Reflecting on “Heat Week”

Reflecting on “Heat Week”

In thinking about this past week’s heat wave, I can’t help but reflect on my experience with Portland’s “Heat Week,” events earlier this summer. This was a week of events to commemorate the 2021 Heat Dome in Portland. I attended the 350PDX Pedalpalooza Ride as well as the Action Night Picnic. I would consider myself an avid biker, yet I have never been on a group bike ride. I was beyond excited to experience one of my favorite activities through the lens of shade inequality in Portland.

The bike ride began in Lent, a neighborhood in SE Portland that was severely impacted by last year’s heat dome. The bike ride took us from Lents Park to Colonel Summers Park in the Buckman neighborhood, where a final picnic took place. Prior to our ride, an organizer from the Forest Defense team at 350PDX spoke on the importance of tree coverage, and encouraged us to observe the change of shade, while we biked from Lent to Buckman. Vivek Shandas, a PSU professor of climate adaptation, discussed his project which allows citizens to track temperatures while they bike. He brought with him five small fans, each connected to a sensor that would track the difference in temperature as we biked between the two parks. These temperatures would indicate the disparities between the two neighborhoods in terms of tree coverage and implications of extreme heat. If you would like to read more about Professor Shandas’s research, I highly recommend reading an interview that discusses his suggestions for ways cities could adapt to increased temperatures at this link

As we took off, the energy was high in the group as 30 to 40 bike riders swarmed the streets of Portland. We received endless (positive) honks from cars and cheers from people on the street. Everyone in the group was so friendly, and I chatted with many people while we biked. There were families, kids, adults, teenagers; all community members in support of equal access to shade and tree coverage.

Although we did not bike through the Lloyd neighborhood, I could not help but think about how parts of the Lloyd have a limited amount of tree coverage and are actually considered heat islands. A heat island is an urban or metropolitan area that is warmer than the rural surrounding areas. Often heat islands occur when urban areas replace natural land cover (such as tree canopy) with concentrations of pavement, buildings, and other surfaces that absorb and retain heat. This effect increases energy costs (e.g., for air conditioning), air pollution levels, and heat-related illness and mortality. Thinking about Lloyd, both of the census tracts that incorporate the neighborhood have a much lower tree canopy than the Portland metro area as a whole: Overall, according to Metro, 29.7% of the Portland metro area is tree canopy. Meanwhile in the Lloyd area, the west census tract has a tree canopy percentage of just 10.5% and the  east tract’s tree canopy percentage is estimated to be22.7% (with much of that concentrated north of the Lloyd in the Irvington area).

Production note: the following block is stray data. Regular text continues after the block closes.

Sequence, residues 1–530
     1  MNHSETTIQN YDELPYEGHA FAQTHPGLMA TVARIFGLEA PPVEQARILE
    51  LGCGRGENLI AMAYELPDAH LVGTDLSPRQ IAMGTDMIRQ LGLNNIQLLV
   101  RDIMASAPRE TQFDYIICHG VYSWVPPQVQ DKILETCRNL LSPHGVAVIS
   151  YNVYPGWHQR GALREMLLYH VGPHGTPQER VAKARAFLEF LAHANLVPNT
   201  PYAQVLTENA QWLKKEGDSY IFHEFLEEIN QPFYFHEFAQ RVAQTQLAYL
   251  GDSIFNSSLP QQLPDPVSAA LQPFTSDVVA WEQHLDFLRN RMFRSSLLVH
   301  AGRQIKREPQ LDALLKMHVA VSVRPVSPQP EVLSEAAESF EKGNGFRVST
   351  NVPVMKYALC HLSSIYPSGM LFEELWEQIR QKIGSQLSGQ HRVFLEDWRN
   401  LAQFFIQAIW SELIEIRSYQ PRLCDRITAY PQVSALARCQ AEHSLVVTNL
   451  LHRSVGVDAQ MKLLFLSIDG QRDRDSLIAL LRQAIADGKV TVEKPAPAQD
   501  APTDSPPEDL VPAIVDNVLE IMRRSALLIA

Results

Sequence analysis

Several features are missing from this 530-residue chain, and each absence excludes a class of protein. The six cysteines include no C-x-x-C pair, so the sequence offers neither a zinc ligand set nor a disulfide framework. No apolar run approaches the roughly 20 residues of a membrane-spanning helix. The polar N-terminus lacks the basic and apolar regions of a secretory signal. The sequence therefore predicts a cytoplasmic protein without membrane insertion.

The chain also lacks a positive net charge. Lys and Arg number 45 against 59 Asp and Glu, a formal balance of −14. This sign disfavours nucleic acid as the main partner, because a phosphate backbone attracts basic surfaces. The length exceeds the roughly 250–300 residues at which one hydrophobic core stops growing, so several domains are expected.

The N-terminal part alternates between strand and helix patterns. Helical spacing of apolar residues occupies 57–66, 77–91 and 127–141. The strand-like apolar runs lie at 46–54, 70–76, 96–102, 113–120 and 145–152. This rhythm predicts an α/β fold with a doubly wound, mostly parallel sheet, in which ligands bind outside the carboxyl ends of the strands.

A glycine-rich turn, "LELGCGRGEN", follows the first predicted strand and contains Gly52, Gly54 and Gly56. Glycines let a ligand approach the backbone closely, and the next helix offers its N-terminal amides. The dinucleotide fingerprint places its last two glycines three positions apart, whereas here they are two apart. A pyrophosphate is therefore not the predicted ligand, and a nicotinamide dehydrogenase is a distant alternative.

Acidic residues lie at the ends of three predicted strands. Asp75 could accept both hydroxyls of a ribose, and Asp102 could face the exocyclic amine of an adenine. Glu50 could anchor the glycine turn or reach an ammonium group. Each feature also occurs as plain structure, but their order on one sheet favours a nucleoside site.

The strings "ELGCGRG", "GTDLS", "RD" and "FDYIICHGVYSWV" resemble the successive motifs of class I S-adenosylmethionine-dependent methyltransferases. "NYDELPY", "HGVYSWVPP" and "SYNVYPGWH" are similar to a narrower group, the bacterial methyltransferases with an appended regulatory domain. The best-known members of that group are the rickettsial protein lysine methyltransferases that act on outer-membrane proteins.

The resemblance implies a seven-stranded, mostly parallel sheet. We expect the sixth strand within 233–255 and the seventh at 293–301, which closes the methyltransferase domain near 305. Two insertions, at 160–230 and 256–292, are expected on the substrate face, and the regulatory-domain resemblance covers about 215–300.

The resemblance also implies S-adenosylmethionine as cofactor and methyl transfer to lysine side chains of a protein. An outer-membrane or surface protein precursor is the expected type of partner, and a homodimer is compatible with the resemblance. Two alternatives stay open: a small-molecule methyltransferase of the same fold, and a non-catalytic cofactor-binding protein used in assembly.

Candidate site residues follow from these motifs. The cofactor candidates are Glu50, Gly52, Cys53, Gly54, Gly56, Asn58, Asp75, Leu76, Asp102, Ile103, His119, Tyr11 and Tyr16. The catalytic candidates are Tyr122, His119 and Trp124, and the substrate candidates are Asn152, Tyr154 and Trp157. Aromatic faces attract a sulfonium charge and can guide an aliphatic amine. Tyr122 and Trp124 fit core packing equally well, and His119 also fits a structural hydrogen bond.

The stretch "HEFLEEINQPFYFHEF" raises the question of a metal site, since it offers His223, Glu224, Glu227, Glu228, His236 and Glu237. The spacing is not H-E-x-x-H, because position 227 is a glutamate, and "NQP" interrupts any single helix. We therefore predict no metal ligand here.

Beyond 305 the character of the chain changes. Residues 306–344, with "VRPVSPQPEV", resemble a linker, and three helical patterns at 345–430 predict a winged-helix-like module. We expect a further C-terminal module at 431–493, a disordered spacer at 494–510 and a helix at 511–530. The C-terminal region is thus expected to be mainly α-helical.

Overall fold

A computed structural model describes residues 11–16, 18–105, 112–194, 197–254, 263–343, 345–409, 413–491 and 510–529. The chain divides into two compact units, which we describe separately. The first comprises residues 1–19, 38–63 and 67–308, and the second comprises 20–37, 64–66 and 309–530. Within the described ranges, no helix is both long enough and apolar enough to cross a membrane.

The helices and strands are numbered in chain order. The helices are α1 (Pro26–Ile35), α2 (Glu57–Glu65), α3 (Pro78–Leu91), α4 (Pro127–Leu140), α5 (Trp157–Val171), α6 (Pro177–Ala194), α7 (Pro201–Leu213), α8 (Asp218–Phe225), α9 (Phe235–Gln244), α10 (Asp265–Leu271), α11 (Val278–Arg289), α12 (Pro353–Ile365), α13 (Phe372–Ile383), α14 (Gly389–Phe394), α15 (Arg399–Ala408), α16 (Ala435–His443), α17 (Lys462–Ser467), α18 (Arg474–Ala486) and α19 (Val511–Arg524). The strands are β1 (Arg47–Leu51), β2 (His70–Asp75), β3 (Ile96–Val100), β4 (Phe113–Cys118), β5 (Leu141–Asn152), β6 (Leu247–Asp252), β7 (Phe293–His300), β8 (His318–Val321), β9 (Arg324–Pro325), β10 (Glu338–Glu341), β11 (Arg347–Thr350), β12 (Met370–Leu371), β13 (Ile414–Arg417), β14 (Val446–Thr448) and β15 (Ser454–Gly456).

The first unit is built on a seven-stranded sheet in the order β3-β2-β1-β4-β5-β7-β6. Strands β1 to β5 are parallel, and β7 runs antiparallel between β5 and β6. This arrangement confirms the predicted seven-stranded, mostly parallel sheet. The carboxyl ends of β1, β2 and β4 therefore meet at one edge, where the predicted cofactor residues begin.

Explore the details of this map at this link.

Climate change will likely lead to more frequent, more severe, and longer heat waves during summer months (like what we just had a the end of July). And the effects of these heat waves will be felt even more stongly in areas that are heat islands. Like the Lents area, we know that Lloyd needs to become more climate resilient in the coming years. That’s why we’re developing a Climate Change Resilience Assessment report for Lloyd. Check out the full report here and stay tuned for the more detailed steps on what the neighborhood can take to become more resilient to the increased temperature, increased precipitation, and wildfire smoke.